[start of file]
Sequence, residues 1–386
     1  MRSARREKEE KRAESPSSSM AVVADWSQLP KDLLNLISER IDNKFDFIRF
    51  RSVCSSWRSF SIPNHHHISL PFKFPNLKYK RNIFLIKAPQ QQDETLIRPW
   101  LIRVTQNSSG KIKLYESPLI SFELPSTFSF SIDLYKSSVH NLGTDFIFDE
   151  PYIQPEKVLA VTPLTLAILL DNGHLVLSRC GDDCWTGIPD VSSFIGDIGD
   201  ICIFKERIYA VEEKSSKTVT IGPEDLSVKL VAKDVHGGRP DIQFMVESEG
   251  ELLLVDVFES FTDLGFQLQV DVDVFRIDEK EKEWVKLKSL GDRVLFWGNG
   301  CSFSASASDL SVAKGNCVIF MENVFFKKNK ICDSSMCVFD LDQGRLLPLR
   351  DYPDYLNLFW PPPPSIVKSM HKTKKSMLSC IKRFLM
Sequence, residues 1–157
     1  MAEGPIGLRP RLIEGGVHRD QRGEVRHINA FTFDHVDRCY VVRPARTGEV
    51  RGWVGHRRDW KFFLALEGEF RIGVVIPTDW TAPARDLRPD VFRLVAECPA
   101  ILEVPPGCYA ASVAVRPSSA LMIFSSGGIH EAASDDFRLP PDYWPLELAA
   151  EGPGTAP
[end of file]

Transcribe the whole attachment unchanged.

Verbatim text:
Sequence, residues 1–386
     1  MRSARREKEE KRAESPSSSM AVVADWSQLP KDLLNLISER IDNKFDFIRF
    51  RSVCSSWRSF SIPNHHHISL PFKFPNLKYK RNIFLIKAPQ QQDETLIRPW
   101  LIRVTQNSSG KIKLYESPLI SFELPSTFSF SIDLYKSSVH NLGTDFIFDE
   151  PYIQPEKVLA VTPLTLAILL DNGHLVLSRC GDDCWTGIPD VSSFIGDIGD
   201  ICIFKERIYA VEEKSSKTVT IGPEDLSVKL VAKDVHGGRP DIQFMVESEG
   251  ELLLVDVFES FTDLGFQLQV DVDVFRIDEK EKEWVKLKSL GDRVLFWGNG
   301  CSFSASASDL SVAKGNCVIF MENVFFKKNK ICDSSMCVFD LDQGRLLPLR
   351  DYPDYLNLFW PPPPSIVKSM HKTKKSMLSC IKRFLM
Sequence, residues 1–157
     1  MAEGPIGLRP RLIEGGVHRD QRGEVRHINA FTFDHVDRCY VVRPARTGEV
    51  RGWVGHRRDW KFFLALEGEF RIGVVIPTDW TAPARDLRPD VFRLVAECPA
   101  ILEVPPGCYA ASVAVRPSSA LMIFSSGGIH EAASDDFRLP PDYWPLELAA
   151  EGPGTAP